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Transportation system called inadequate for low-income workers

bus-public-transportation-seats-373978-1A new transportation and poverty report commissioned by a number of area organizations involved in Rochester’s anti-poverty initiative suggests that the city’s transportation system reinforces the disparities that already exist in the community, rather than helping to reduce them.

Transportation and Poverty in Monroe County: How Land Use, Job Locations and Commuting Options Affect Access to Jobs found that changing patterns of residential settlement and location of jobs have made it increasingly difficult for people, especially low-income people, to access employment.

“This report makes it clear that transportation is a structural barrier that forces people living in poverty into impossible choices, and that the situation has been exacerbated by increased decentralization of jobs over time,” said Reconnect Rochester President Mike Governale. “The transportation needs of our most vulnerable workers should not be an afterthought in land use management and regional economic policy decision making.”

The report’s findings, he said, should be a call to action to improve the coordination between public and private dollars invested in transportation, economic development and anti-poverty efforts.

The report, prepared by the Center for Governmental Research Inc., notes that in 1910 more than three-quarters of Monroe County’s population lived within the city limits. A century later, that had dropped to just one-quarter. And from 2002 to 2015, the share of county jobs located in the suburbs grew, while the share in the city declined.

The report notes that while the overall number of jobs declined slightly, the changes in income levels of the jobs available have been more dramatic. From 2002 to 2015, Rochester saw a 29 percent decline in low-income jobs and a 32 percent decline in its mid-income jobs.

While low-income jobs are concentrated in a few tracts in the city and in Henrietta, the workers who work those jobs often commute from elsewhere in the county, the report notes. Low-income workers’ residences are much more widely scattered across the county than the locations of their jobs, which makes getting to those jobs more difficult.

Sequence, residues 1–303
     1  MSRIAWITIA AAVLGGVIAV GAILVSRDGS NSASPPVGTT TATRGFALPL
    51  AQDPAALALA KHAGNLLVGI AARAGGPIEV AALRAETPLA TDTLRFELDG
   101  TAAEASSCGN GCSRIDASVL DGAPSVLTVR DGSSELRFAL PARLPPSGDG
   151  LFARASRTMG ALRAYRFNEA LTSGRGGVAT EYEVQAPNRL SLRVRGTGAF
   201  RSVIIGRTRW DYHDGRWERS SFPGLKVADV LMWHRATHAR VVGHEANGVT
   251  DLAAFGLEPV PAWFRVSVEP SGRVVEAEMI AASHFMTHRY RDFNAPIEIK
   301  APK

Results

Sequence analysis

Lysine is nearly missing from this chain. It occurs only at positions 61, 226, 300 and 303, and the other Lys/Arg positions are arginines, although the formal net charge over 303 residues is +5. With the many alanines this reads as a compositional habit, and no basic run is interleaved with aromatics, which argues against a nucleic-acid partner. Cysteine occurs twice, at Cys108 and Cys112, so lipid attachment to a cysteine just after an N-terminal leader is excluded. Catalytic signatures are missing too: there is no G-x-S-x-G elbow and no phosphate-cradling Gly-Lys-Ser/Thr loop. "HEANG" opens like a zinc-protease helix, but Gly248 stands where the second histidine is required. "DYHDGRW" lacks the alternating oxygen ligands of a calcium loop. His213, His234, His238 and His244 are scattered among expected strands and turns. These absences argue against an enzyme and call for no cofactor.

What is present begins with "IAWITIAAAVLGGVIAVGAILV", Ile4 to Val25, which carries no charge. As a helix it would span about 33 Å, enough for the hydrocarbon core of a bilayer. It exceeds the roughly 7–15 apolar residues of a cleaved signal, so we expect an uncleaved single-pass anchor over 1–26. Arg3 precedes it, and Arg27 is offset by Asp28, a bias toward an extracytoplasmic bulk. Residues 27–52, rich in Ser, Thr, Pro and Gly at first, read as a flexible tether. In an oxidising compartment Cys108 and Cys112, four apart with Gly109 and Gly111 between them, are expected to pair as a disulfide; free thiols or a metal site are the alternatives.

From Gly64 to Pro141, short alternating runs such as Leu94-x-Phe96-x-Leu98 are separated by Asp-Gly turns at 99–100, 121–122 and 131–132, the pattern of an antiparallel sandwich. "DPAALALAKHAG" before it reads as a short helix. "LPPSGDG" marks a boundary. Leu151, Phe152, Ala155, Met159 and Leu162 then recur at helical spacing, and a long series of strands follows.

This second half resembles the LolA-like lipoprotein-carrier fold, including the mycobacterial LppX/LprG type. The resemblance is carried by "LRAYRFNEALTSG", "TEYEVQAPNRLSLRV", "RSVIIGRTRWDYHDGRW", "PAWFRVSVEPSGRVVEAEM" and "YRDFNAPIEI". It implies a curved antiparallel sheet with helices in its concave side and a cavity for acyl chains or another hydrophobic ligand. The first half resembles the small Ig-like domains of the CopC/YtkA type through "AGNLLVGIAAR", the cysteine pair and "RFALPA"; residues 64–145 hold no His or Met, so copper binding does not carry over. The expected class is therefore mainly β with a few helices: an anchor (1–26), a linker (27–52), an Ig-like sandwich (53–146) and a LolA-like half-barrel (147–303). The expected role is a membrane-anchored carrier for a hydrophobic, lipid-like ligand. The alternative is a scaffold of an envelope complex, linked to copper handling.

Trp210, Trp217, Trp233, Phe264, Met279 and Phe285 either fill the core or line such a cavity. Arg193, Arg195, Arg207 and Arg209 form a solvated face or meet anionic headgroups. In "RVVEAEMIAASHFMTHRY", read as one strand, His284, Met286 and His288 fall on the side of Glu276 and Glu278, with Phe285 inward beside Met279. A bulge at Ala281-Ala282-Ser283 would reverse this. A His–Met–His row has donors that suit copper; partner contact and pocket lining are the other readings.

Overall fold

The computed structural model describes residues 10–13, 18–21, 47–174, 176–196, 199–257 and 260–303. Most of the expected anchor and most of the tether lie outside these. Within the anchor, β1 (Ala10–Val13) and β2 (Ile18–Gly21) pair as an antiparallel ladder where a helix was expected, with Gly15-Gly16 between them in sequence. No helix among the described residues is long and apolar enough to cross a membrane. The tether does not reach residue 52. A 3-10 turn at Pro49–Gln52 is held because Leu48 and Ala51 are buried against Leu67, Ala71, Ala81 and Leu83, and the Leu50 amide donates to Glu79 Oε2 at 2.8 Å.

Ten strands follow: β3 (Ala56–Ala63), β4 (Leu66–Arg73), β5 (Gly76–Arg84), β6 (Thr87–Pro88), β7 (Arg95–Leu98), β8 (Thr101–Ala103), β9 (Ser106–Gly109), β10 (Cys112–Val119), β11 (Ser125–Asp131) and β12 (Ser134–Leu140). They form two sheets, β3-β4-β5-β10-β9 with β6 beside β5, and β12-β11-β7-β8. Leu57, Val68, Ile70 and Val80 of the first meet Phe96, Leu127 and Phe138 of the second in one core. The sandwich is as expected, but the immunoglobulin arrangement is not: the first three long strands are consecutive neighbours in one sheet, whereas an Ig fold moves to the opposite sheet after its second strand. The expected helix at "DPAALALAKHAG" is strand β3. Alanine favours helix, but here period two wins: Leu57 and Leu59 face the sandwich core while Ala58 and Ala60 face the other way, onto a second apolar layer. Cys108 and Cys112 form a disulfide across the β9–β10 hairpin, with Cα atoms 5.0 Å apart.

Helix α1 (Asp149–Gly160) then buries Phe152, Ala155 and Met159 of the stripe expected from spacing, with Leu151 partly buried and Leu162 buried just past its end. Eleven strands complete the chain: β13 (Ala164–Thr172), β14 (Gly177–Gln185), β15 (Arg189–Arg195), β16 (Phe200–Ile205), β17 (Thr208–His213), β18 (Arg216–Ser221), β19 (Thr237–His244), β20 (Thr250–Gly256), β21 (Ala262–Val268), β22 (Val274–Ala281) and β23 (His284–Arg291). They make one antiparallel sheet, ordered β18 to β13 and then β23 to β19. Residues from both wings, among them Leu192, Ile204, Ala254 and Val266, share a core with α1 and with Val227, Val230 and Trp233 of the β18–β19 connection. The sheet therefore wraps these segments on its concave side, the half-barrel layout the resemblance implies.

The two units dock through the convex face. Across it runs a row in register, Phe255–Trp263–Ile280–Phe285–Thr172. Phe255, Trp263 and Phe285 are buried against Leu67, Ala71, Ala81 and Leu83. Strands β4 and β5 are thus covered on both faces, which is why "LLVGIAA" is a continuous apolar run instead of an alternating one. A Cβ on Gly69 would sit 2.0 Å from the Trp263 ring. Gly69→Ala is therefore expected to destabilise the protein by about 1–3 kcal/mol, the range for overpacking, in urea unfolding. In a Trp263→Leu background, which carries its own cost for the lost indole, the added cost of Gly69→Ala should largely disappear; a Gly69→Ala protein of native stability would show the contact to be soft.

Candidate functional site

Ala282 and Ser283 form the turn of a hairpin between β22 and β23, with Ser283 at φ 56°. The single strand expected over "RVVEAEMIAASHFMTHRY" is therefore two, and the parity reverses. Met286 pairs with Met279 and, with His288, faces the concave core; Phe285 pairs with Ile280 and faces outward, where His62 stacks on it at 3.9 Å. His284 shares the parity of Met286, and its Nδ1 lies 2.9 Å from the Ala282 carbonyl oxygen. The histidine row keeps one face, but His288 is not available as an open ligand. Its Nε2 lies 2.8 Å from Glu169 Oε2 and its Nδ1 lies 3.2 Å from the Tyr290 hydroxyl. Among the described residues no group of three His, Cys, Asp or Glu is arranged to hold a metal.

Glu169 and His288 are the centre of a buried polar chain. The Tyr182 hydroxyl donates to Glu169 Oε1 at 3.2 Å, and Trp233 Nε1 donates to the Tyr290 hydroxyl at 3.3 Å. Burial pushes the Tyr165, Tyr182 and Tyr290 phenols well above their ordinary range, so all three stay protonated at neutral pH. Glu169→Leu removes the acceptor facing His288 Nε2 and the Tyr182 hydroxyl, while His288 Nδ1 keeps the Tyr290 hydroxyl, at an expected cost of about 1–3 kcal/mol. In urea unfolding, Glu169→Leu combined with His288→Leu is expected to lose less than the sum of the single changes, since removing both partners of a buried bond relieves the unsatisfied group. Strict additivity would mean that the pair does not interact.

The report concludes that “the state of the transportation options in Monroe County and Rochester pose an equity issue for the community, both in terms of race and income. Drivers (who are whiter and wealthier than transit riders) face easy commutes and a wide access to jobs. Those who ride the bus face very long commutes and limited access to jobs.”

The report was commissioned by Reconnect Rochester, in partnership with the city of Rochester, Connected Communities Inc., ESL Charitable Foundation, Genesee Transportation Council (GTC), Rochester-Genesee Regional Transportation Authority (RGRTA), Rochester-Monroe Anti-Poverty Initiative (RMAPI), the Community Foundation and the United Way of Greater Rochester Inc. ESL Charitable Foundation, United Way and CGR funded the project.

The report will be used to inform the strategy and focus of the RMAPI transportation policy work group, which will work to translate the findings into policy recommendations and action.

“Funding constraints limit public transit’s ability to meet the changing needs of the community and customers we serve,” RGRTA CEO Bill Carpenter said. “This report shows the impact of limited funding on access to jobs, education and health care and how barriers to transportation reduce quality of life in our community.”

GTC Executive Director James Stack noted that the organization’s long range transportation plan supports development that considers and integrates transportation needs.

“This report highlights the need for employers to consider the transportation options that potential employees can afford on the anticipated wages,” Stack said. “Employers should consider the benefits of reduced turnover that locating near reliable transportation can provide.”

The full report can be read here.

[email protected] / 585-653-4021
Follow Velvet Spicer on Twitter: @Velvet_Spicer